Friday, July 08, 2005

The new dark age?

Jonathan Huebner is predicting an upcoming dark age. He claims that the rate of technological progress, rather than exponentially increasing, is actually slowing, and has been since the late 19th century.

I don't believe I've ever seen an article I disagree with more, his choice of metrics is dubious, and his conclusions are questionable...

Huebner bases his conclusions on his analysis of major innovations and scientific advances over time compared to world population, this seems to me to be a odd metric to choose. The world population has been steadily growing but as anyone that has ever managed a project can tell you, throwing more people at a problem will not necessarily mean that it gets solved faster. So why does he normalise against world population? Doing this is so obviously the wrong thing to do...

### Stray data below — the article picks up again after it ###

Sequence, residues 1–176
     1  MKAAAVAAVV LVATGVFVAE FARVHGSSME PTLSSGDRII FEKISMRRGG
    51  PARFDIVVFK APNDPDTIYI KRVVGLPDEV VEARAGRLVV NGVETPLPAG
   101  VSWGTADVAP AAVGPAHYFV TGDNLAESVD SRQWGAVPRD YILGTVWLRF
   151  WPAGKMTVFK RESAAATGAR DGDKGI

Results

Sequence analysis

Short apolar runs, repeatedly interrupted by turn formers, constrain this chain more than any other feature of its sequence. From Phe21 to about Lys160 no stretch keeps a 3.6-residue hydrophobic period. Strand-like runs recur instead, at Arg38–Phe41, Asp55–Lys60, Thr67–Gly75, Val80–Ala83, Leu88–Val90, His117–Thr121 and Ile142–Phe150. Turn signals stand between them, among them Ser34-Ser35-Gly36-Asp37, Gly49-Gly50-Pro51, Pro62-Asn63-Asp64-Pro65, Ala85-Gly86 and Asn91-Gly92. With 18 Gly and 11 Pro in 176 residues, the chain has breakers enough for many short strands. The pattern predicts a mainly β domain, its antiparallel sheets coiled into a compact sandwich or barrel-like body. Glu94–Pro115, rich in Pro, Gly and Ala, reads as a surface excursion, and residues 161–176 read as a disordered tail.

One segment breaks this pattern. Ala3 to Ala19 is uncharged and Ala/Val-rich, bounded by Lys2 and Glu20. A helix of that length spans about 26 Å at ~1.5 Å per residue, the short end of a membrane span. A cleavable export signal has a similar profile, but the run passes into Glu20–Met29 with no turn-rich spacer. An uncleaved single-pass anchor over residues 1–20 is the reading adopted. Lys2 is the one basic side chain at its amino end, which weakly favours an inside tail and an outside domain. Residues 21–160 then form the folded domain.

Huebner says,
We are approaching the 'dark ages point', when the rate of innovation is the same as it was during the Dark Ages, we'll reach that in 2024.
however does at least seem to realised that something is wrong with his conclusions, and contradicts himself a bit further down the article,
I'm certainly not predicting that the dark ages will reoccur in 2024, if at all...
Extrapolation of Huebner's innovation curve it appears that we have already made 85 per cent of the technologies that are economically feasible. This seems like a far fetched conclusion to reach, even based on his analysis.

While it is certainly true that in general you shouldn't necessarily extrapolate exponential growth curves towards a technological singularity, as many people have done in the past, I think such a singularity is more likely that a new dark age. Every year it is harder and harder to keep up with the bleeding edge of technology, even for those of us deeply involved with it. Anyone working in the high technology will tell you that Huebner's conclusions are bogus...